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In the 1940's character sketches were more detailed, but generally the pattern envelopes were only printed in 2-3 colors in the early-mid 40's. The character featured generally had small pointy lips, defined small facial features, her hair was curled under or tightly coiffed.

Fashion sense in the 1940's was all based upon the war.

This information has been culled from a number of sources - it is given in good faith and believed to be reasonably correct - however if you are going to use it for the basis of valuations, purchases or sales then you must verify it from independent, qualified sources. Take every opportunity to do so at shows and aucthe next recourse is to the mark.

Among collectors the term Old Wedgwood is taken to refer to wares produced before Josiah's death in 1795. Josiah started marking his production with his name in about 1759, impressing the name into the underside of the article with printer's movable type.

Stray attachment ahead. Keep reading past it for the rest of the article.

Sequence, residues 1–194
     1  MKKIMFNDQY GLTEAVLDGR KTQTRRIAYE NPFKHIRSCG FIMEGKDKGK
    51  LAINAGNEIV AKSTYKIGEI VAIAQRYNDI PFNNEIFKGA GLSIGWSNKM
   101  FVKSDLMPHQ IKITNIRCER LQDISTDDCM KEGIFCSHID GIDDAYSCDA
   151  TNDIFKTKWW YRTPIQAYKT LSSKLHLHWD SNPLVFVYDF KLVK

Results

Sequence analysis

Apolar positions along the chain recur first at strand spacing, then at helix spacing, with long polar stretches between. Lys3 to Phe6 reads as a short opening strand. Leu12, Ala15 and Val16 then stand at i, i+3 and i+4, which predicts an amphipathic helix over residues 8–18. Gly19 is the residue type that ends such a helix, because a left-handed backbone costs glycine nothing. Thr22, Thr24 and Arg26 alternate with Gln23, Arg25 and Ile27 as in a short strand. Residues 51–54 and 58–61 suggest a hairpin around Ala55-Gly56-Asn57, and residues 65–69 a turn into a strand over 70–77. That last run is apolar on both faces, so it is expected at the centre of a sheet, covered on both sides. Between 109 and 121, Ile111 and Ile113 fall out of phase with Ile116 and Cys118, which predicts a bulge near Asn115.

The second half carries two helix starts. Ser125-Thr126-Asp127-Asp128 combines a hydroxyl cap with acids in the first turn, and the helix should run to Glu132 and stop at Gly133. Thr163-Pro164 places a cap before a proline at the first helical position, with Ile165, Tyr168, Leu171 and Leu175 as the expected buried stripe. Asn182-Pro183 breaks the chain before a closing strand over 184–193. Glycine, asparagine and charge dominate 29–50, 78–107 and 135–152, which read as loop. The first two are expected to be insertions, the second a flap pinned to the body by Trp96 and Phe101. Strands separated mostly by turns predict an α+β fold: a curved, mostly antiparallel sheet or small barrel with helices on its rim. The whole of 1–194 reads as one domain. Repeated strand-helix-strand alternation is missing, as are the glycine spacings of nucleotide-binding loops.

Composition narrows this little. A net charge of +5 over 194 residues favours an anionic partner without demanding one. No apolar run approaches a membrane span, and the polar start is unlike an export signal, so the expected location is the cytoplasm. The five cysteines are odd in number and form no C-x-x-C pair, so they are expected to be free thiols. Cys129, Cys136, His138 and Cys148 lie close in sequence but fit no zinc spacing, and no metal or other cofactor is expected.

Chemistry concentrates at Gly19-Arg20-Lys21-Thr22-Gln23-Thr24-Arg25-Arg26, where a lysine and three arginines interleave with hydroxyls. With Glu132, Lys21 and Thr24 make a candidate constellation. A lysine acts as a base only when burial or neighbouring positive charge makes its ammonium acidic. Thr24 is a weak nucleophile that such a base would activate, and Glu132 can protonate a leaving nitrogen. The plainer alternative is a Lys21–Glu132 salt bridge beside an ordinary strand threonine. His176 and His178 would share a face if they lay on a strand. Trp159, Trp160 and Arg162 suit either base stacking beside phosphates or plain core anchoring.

When dating a sewing pattern that does not have a year on the envelope, you'll want to consider a few things: The price of a pattern then, like today, would vary based upon an elaborate pattern verse a normal pattern.

Printed patterns (pattern pieces with printed edges) were more expensive than unprinted patterns.

were 50 cents, while in the late 50's this became common price for all patterns. The only way to gain an appreciation of the character of Old Wedgwood is to examine it, with the eye and with the finger tips. It is impossible to convey that quality in either words or photographs.I'd really love to find a 1940's military style dress pattern with a hat. Dating old sewing patterns isn't as easy as just looking on the pattern envelope...although thankfully in the later years most companies did decide on printing the year on the envelope.

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(With unprinted patterns you match notches and cutouts together).

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